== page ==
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Arch Pathol Lab Med. 2007 Jun;131(6):936-41.

Promoter hypermethylation for molecular nodal staging in non-small cell lung cancer.

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Department of Medicine, The University of Arkansas for Medical Sciences, Little Rock, AR, USA.



Even among cases of non-small cell lung cancer (NSCLC) in the most favorable stage (IA), the disease-specific mortality is 25% or greater. One plausible explanation implicates the simplistic standard pathologic procedures used to designate lymph node involvement. A more sensitive assessment of the nodal status may improve staging.


To determine the prognostic impact of detecting an abnormal molecular event (promoter hypermethylation in a set of relevant genes) in histologically uninvolved lymph nodes in resected NSCLC.


In this retrospective analysis of archived material, we examined DNA extracted from lymph nodes of stage I NSCLC (n = 180). Patients underwent surgery between 1991 and 1995 in a single institution. Methylation-specific polymerase chain reaction was used to detect promoter hypermethylation in a panel of 8 genes. Survival data were extracted from the computerized database at the Tumor Registry.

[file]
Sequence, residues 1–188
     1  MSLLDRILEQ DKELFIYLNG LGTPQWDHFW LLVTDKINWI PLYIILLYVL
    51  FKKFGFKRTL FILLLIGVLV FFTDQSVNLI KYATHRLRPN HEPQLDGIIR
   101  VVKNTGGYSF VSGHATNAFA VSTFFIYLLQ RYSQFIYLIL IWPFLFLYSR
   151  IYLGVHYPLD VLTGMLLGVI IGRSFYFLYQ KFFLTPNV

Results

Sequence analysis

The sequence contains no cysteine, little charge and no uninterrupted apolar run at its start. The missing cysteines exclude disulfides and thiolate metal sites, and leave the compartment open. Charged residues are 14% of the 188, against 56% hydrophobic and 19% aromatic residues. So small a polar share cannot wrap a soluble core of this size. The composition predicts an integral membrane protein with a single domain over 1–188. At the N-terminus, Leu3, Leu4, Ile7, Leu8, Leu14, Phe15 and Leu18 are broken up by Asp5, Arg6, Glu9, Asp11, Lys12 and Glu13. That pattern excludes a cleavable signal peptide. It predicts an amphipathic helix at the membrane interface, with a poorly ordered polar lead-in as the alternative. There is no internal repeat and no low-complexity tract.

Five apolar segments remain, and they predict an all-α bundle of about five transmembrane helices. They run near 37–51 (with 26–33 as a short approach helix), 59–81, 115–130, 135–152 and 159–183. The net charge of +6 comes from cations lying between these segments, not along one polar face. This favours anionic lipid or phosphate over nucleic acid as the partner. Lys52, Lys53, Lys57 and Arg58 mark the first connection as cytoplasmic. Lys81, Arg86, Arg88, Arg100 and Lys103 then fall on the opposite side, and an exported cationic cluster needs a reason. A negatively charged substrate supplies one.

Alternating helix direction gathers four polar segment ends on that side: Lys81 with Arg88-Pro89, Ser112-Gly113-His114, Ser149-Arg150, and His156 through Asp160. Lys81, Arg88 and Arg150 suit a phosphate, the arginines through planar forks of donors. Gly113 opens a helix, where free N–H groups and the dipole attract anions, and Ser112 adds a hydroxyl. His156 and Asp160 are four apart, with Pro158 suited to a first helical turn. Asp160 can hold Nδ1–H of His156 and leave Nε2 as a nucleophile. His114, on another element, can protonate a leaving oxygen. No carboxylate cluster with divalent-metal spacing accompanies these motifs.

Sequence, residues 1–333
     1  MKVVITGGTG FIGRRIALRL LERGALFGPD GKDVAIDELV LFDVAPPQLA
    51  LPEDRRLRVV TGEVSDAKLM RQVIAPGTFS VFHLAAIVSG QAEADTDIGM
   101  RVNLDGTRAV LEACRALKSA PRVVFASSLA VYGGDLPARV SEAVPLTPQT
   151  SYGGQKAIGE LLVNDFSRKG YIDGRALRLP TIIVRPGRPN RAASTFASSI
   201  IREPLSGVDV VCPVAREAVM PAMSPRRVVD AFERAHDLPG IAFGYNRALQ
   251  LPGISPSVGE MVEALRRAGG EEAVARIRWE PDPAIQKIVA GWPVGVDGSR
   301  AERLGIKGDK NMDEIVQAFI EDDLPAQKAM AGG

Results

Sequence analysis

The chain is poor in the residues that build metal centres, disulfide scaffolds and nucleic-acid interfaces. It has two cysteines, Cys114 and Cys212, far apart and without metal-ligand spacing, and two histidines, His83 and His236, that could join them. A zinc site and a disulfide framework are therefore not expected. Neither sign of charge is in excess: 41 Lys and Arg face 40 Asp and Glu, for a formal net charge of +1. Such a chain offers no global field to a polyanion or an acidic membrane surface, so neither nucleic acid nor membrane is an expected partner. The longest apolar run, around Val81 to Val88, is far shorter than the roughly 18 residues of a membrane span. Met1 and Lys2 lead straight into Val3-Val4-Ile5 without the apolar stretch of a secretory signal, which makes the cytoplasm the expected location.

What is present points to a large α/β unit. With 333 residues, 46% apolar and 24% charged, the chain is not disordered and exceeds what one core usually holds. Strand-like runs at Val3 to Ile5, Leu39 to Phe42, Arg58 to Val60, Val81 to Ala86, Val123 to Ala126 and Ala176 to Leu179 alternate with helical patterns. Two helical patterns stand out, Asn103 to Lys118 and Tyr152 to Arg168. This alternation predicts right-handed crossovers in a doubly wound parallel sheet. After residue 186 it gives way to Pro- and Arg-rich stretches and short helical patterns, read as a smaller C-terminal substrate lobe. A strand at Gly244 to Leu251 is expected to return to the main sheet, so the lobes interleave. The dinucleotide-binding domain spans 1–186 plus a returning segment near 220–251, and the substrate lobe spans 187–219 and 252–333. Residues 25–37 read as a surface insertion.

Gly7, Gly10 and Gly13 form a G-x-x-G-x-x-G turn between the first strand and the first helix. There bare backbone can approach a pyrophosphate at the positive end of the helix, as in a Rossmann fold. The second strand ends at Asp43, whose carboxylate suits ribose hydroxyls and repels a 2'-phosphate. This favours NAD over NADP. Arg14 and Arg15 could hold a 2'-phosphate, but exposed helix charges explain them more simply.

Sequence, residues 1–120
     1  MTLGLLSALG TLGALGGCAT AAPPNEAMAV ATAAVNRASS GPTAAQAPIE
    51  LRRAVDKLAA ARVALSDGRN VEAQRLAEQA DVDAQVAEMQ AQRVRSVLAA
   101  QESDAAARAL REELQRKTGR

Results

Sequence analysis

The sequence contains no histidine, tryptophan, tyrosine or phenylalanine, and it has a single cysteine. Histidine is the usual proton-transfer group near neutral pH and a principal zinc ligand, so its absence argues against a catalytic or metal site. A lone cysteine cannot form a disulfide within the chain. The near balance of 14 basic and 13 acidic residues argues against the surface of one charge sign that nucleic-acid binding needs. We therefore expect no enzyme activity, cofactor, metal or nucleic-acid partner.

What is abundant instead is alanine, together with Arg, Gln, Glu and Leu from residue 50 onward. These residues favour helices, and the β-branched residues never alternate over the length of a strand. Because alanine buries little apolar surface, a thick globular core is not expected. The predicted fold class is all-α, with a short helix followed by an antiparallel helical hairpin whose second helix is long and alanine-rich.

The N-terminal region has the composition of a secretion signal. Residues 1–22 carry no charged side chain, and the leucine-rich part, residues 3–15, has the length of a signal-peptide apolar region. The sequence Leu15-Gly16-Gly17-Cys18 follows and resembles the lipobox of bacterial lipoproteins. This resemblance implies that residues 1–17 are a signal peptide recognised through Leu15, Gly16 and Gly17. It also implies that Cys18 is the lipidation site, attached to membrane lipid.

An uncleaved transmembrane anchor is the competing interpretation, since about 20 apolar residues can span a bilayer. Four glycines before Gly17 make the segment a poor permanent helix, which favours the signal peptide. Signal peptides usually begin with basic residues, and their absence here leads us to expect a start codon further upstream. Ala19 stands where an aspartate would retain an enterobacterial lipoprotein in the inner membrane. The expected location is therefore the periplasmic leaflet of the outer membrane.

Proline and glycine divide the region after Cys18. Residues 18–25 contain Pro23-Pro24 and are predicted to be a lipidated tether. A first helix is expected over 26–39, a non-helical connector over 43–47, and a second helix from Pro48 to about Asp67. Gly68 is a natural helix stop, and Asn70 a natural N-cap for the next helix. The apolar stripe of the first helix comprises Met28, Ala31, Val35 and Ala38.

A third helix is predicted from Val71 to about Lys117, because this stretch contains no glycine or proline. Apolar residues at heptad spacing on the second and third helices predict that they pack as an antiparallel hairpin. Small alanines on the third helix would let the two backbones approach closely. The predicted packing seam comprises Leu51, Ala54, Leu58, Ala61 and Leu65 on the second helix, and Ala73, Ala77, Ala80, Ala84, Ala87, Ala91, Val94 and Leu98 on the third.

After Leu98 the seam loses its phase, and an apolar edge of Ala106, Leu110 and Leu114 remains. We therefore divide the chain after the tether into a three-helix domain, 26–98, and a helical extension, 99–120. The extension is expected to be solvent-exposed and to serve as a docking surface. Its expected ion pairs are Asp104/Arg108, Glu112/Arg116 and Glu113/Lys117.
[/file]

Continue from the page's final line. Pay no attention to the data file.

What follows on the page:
Evidence of promoter hypermethylation in at least 1 gene was detected in 67% of these N0 nodes. The most commonly hypermethylated gene was E-cadherin (53%). The hypermethylation frequency for the remaining genes were as follows: APC, 5%; p16, 9%; MGMT, 11%; hMLH1, 15%; RASSF1A, 4%; DAP kinase, 9%; and ATM, 19%. The presence of promoter hypermethylation in 2 or more genes did not influence the overall, median, or 5-year survival rates.


Identifying promoter hypermethylation (in our panel) in N0 lymph nodes in stage I NSCLC cannot be recommended for clinical decision making. Molecular abnormalities, including those found in cancer by qualitative methylation-specific polymerase chain reaction, are not synonymous with established, histologically detectable metastasis.

[Indexed for MEDLINE]

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